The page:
So we come to Murder Room and the latest novel, The Lighthouse. They are both very traditional, though P. D. James plays cleverly with those supposed rules in order to create a rather more mesmerizing and horrific atmosphere than most stories of the "golden age" did.

Her detective may be a police officer but he is clearly of a different cut from other police officers. In fact, Adam Dalgliesh is a poet. Knowing something of poets and their popularity, I have always found it slightly unlikely that somebody recognizes his name and starts talking about his latest volume in almost every investigation.

Another slightly unlikely aspect of the novels is the social background of the other police officers. Apart from Kate Miskin - an illegitimate child brought up by her grandmother and an escapee from a depressing council estate - everyone else seems to come from rich, upper middle class backgrounds. How different from the home life of our usual coppers on the beat.

All this carping disguises the fact that The Lighthouse is actually a beautifully written page-turner, just as Baroness James's early books were. In fact, many of her favourite themes are present. The book takes place on an island that is deliberately cut off from the mainland (good way of corralling all the suspects) but is slightly macabre. It reminds one of both The Black Tower and The Skull Beneath the Skin. The latter, a Cordelia Gray story, is invoked by the references to some gruesome episode during the war, which, luckily, turns out to be a red herring.

There are the accepted characters: the infuriatingly arrogant old aristocratic lady (in this novel she is also a retired don), the near-psychopathic misfit, the supremely efficient housekeeper and so on.

There is another tradition revived in the last three novels, though whether deliberately or not, is unclear. When a detective falls in love, he is allowed at most three books in which to corrall the beloved if she happens to be an independent and intellectual or artistic lady. Lord Peter Wimsey took three books - meeting, difficulties and final achievement; Roderick Alleyn, I believe, managed it all in just two. Adam Dalgliesh took up the allotted three books but at the end of The Lighthouse he and Emma Lavenham announce their firm intention to get married. Phew!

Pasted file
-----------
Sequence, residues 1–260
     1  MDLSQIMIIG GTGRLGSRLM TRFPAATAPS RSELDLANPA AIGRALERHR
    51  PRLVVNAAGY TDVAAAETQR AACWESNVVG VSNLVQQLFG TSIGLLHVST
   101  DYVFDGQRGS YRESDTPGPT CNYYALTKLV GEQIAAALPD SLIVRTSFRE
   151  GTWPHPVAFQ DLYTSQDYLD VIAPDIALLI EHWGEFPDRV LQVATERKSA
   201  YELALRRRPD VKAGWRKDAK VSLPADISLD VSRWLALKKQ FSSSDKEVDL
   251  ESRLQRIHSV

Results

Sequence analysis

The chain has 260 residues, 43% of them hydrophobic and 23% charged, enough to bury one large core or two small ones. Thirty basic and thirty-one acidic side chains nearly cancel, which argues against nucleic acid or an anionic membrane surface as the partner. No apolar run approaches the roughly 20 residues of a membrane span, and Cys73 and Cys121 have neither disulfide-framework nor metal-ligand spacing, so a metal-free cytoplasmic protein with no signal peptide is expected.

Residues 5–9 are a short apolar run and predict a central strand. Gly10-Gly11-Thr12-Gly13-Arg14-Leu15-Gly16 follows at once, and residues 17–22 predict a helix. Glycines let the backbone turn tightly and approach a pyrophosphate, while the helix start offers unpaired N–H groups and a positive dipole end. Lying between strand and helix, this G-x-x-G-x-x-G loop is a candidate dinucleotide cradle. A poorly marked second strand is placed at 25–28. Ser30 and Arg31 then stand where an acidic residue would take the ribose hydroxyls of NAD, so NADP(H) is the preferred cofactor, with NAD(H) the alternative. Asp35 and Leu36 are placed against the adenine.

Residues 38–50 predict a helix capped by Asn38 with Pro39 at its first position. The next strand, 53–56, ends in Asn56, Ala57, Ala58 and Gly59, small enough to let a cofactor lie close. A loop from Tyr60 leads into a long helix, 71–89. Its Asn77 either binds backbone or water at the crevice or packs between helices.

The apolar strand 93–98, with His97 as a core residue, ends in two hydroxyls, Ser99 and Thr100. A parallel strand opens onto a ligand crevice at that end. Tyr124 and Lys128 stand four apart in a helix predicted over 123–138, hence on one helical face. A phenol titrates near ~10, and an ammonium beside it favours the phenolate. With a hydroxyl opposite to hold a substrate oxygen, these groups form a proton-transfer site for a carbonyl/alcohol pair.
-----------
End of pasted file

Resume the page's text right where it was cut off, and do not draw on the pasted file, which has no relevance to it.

So what of the plot? Ah yes, the plot. Well, it involves a bunch of very strange people on this cut-off island; a writer who has no ability to react to people merely to use them for his novels, a formerly alcoholic priest, suspended from his duties, a doctor who had once made a wrong decision and his wife, a nurse. All the satisfying paraphernalia of a traditional detective tale with one or two modern twists. To add to the necessary isolation P. D. James does not resort to anything as hackneyed as a snow storm or, indeed, a storm of any kind. No, two people on the island contract the dreaded SARS (there is a good explanation for it) and, hey presto, there is no communication with the mainland at all.

Kate Miskin is given star billing, which worries and exhilarates her in turn and her new colleague, an Anglo-Indian young police officer, Francis Benton-Smith acquits himself well, even managing to strike up some kind of a friendship with the prickly Kate. And the murderer? Well, the murderer is pretty obvious, through a process of elimination if nothing else. But then it is only in books that the least likely person commits the crime.

Dr Helen Szamuely is a writer and political researcher as well as editor of the Conservative History Journal and co-editor of